Lost in the shuffle of the CBO scoring of Max Baucus’ non-existent bill on the health care overhaul system this week is another analysis by the CBO on tort reform.  According to CBO director Douglas Elmendorf on his blog, the CBO studied the impact of both the reduced cost of litigation and the elimination of defensive medicine that would result with tort reform.  Elmendorf says that tort reform would reduce the federal deficit $54 billion over the next ten years, more than the fee Baucus plans to charge insurers for the privilege of existence (via MarySue at Ruby Slippers):

CBO now estimates that implementing a typical package of tort reform proposals nationwide would reduce total U.S. health care spending by about 0.5 percent (about $11 billion in 2009). That figure is the sum of a direct reduction in spending of 0.2 percent from lower medical liability premiums and an additional indirect reduction of 0.3 percent from slightly less utilization of health care services. (Those estimates take into account the fact that because many states have already implemented some of the changes in the package, a significant fraction of the potential cost savings has already been realized.)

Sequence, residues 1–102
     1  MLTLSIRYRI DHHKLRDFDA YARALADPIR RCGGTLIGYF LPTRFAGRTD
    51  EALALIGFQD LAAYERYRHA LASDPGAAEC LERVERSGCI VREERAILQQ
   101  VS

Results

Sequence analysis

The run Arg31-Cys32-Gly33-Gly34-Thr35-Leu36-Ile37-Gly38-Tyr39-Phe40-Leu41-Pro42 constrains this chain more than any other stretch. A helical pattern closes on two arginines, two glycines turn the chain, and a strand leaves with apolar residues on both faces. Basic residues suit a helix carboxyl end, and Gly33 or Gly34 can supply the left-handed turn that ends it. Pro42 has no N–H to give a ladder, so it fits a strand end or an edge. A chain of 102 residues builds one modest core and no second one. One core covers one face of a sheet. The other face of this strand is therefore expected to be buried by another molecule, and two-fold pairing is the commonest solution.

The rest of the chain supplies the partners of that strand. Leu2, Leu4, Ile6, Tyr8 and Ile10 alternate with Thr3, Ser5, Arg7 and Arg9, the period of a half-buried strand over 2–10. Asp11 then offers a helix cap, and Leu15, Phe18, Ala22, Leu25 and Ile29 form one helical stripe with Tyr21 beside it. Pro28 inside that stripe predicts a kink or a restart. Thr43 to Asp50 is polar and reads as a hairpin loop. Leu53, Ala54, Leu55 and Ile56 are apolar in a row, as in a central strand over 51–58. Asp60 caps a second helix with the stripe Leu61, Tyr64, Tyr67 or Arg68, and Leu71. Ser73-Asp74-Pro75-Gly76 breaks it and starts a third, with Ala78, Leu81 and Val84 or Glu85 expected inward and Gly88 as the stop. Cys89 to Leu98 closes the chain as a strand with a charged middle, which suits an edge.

Enacting a typical set of proposals would reduce federal budget deficits by roughly $54 billion over the next 10 years, according to estimates by CBO and the staff of the Joint Committee of Taxation. That figure includes savings of roughly $41 billion from Medicare, Medicaid, the Children’s Health Insurance Program, and the Federal Employees Health Benefits program, as well as an increase in tax revenues of roughly $13 billion from a reduction in private health care costs that would lead to higher taxable wages.

But that’s not the end of the savings, either.  A 0.5% reduction in health-care costs would mean $11 billion in savings per year overall, with roughly 40% of that benefiting the federal government in Medicare and other federal program costs.  That amounts to a whopping $110 billion in cost savings over ten years to the entire medical industry, which would help keep premiums in check for consumers.

Unlike other mechanisms in the various Congressional plans, this would actually benefit consumers and accomplish what reformers claim to want — an end to overuse in the American system.  By eliminating the defensive medicine that providers must practice to avoid predatory malpractice actions, tort reform will actually make the system more responsive and more flexible for patients.  Less time will get wasted, fewer claims will get filed, and patients will get the care they need and not what the providers’ lawyers require.

Of course, tort reform isn’t in any of the packages Congress has under consideration for the coming health-care overhaul.  Instead, Congress wants to play class warfare with “fees”, excise taxes, “windfall profits taxes” on an industry averaging a 3.3% profit margin while trial lawyers earn an average 14% profit margin — all of which will result in those costs getting passed to the consumer, making health care even more expensive than it is now.  Why won’t Congress pass tort reform, an effort that would really reduce costs and reform the health-care system?

Oh, yeah.

Update: The first headline was awkward; I’ve changed it.

Tags: entitlements